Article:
Even with the countdown to the Cheltenham Festival now at just 11 days there is, believe it or not, racing life away from Gloucestershire. And last night in Dubai the best Flat racer on the planet, Curlin, made his seasonal reappearance with his majesty undimmed.
The four-year-old, warming up for next month's World Cup, was set the relatively simple task of giving more than a stone to vastly inferior rivals in a 10-furlong handicap, and achieved it by three nonchalant lengths with his ears pricked.
And despite his jockey Robbie Albarado barely having to engage third gear, the time set by the massive chestnut was only a second outside Dubai Millennium's record for the course and distance. "We wanted to get it done as easy as possible and save as much as possible for the big night," said Albarado, "and I think we achieved that. He is just an astonishing horse."
Only the inaugural World Cup winner Cigar came to Dubai with a higher rating than the 129 earned by Curlin, winner of last year's Preakness Stakes and Breeders' Cup Classic and the big horse dwarfed his opponents in yesterday's preliminaries both in size and electric presence. In the race, he tracked the early leader Imperialista wide into the straight, and needed to come off the bridle for only a couple of strides, as he was asked to go clear.
"He'd been off the track for a while, and needed the race mentally as well as physically," added Albarado. "He was a little keen early, so I took him away from the others to help him settle." A familiarisation warm-up in Dubai for the world's richest race, rather than at home in the States, was always part of trainer Steve Asmussen's master-plan for the son of Smart Strike. "There was a lot for him to see in the stretch, and he was looking around," said Asmussen, "but he'll know it next time."
If Tony McCoy's race to get to the Festival is going to go down to the wire, his more recently injured weighing-room colleague Andrew Thornton has accepted defeat in his efforts to achieve his own target, the ride on much-fancied Simon in the Grand National.
Thornton dislocated a shoulder in a fall at Kempton on Saturday and although he accepted that riding at Cheltenham was off his agenda, he had hoped to be back in the saddle at Aintree. But he revealed yesterday that the damage was more extensive than first thought and has effectively ended his season.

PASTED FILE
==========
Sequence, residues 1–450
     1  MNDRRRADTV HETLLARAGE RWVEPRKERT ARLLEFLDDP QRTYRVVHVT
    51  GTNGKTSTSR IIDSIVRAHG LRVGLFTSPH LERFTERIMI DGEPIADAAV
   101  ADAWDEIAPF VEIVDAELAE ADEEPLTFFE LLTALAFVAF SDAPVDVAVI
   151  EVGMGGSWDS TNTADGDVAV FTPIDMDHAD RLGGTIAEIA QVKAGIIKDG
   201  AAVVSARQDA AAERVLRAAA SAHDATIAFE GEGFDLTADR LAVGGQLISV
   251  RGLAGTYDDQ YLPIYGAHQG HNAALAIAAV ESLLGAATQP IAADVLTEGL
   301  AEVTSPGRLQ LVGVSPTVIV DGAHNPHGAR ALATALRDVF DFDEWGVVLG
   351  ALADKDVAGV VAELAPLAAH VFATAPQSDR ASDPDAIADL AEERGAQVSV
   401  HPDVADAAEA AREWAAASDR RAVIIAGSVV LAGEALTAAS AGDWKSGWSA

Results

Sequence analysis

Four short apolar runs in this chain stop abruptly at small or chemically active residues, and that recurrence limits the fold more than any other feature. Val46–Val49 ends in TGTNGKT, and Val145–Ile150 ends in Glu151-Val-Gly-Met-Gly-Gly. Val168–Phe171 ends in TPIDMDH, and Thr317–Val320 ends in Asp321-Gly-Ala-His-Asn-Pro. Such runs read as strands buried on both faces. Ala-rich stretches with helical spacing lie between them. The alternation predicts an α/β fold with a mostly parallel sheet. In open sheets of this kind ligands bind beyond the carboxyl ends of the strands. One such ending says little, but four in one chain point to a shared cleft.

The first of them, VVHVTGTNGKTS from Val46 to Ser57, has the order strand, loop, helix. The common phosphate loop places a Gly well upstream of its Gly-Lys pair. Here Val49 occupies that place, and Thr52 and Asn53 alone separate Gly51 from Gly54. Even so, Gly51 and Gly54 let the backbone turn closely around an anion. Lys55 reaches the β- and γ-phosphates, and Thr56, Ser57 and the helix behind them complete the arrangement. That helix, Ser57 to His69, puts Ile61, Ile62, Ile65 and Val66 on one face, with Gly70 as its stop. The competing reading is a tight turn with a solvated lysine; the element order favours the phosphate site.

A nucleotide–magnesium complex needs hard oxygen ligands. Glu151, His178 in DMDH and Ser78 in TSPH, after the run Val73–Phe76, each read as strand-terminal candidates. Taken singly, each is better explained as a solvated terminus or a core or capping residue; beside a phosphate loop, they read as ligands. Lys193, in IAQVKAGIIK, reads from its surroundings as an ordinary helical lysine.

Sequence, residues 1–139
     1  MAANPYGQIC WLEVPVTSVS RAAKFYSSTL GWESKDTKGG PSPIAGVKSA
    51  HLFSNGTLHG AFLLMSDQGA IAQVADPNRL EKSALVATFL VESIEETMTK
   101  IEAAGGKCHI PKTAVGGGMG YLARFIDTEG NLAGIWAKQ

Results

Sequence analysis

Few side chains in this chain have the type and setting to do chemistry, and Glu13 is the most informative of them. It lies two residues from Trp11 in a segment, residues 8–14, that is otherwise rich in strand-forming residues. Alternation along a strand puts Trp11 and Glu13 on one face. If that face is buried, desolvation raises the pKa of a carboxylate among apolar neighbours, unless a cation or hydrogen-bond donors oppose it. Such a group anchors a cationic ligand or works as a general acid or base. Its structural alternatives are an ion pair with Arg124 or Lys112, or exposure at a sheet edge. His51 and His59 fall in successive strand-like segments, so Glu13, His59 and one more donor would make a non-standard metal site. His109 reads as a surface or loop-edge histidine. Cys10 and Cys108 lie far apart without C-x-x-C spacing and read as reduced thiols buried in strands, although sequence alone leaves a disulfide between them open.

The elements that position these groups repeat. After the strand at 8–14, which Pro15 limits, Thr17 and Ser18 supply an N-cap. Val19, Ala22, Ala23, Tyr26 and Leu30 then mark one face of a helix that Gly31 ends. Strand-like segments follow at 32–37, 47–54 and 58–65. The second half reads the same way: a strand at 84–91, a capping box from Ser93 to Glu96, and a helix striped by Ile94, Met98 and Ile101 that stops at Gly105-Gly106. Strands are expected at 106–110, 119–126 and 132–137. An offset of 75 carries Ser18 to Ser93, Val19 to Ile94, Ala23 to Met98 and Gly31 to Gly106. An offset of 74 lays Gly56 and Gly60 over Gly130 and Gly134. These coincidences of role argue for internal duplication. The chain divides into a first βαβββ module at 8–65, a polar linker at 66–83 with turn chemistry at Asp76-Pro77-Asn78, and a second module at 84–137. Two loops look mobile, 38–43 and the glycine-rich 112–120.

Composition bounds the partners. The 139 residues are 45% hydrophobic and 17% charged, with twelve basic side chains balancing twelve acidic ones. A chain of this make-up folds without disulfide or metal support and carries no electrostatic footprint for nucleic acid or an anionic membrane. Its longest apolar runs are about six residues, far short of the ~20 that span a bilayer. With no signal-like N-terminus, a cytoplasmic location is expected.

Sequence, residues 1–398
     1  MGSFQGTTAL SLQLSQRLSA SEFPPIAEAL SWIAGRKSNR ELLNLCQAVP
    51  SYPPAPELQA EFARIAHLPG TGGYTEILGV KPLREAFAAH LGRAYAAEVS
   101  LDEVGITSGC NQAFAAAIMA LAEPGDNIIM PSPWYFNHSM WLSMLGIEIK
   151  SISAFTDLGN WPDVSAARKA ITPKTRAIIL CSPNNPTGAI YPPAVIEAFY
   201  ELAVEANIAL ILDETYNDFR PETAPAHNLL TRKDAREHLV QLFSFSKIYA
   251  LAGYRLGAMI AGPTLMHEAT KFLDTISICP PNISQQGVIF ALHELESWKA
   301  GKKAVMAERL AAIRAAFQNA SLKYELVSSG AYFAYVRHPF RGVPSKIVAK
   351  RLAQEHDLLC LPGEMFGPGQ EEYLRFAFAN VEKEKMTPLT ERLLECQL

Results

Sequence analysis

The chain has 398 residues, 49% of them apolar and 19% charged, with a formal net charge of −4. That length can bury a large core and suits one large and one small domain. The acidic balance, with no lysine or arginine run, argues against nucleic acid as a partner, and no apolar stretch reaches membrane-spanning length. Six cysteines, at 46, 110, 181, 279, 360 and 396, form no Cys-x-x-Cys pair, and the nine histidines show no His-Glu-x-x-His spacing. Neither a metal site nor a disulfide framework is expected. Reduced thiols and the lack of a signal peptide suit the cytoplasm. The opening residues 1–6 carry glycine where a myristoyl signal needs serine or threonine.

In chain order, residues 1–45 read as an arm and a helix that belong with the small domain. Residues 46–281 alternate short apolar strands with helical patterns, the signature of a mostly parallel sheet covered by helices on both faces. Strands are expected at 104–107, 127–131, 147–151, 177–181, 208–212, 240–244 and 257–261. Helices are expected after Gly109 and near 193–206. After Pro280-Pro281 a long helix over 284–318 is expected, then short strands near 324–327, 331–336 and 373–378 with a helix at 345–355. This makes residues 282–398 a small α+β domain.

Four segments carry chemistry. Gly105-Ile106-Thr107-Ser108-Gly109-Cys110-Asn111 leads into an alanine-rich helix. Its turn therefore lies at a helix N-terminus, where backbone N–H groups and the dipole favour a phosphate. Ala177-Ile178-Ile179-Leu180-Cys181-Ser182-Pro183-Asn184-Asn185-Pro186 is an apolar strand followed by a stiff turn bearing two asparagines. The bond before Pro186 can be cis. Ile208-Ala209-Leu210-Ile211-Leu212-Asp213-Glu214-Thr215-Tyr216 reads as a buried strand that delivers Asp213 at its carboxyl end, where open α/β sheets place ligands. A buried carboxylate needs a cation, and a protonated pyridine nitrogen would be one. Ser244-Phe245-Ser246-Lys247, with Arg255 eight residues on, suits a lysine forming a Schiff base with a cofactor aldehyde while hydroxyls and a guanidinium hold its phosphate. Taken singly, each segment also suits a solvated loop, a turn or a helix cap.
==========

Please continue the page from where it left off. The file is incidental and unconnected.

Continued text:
"I've pulled the muscle off the back of my shoulder and damaged the tendon as well," he said. "I'm going to need an operation on it and it's going to be at least three months, and I'll be giving it all the time it needs."
McCoy, passed fit by his own doctor on Monday to ride out of a morning, will not see an independent specialist to confirm his return to racecourse action until Thursday. The consensus of medical opinion is that the 12-times champion will first sit on a horse in anger on Monday week, eight weeks to the day that he had a screw inserted into a vertebra, and 24 hours before the start of the Festival.
One of Ireland's Champion Hurdle challengers, Harchibald, will tune up for his Cheltenham challenge on Dundalk's all-weather track today, in a mile-and-a-half Flat race. The Noel Meade-trained nine-year-old, beaten a neck by Hardy Eustace, in the Festival showpiece three years ago, will be partnered today by Declan McDonough, who said: "It should be a nice stepping-stone, and if he could win the Champion Hurdle it would be great to be part of the whole thing." Harchibald's rivals include another high-class hurdler in Al Eile.
The defending hurdles king Sublimity will follow last year's pattern by having his final serious workout after racing at Leopardstown on Sunday. "We're very, very happy with him. Everything is going fine. We did exactly the same last year and we are trying to stick as close to that as possible," reported his trainer John Carr yesterday.
Kauto Star or Denman? The professionals give their verdicts
The Cheltenham Gold Cup encounter between the giants of steeplechasing, Kauto Star and Denman, has divided racing. Today, Michael Dickinson, who won the race with Silver Buck in 1982 and Bregawn in 1983 gives his view.
"I'll get straight to the point – my selection is Kauto Star. I saw him win the Gold Cup last year and I thought he was one of the most impressive winners I've ever seen. I was visiting my mother this Christmas and I saw both horses win at Leopardstown and Kempton and I thought Kauto Star was easily the most impressive. Denman has obviously the greater likelihood to improve and Kauto has probably reached his peak. To my mind he's a long way behind the other horse [Kauto Star] but might be able to catch up. Heavy going would be Kauto's biggest obstacle. Silver Buck wasn't a plodder and Kauto isn't a plodder."Reuse content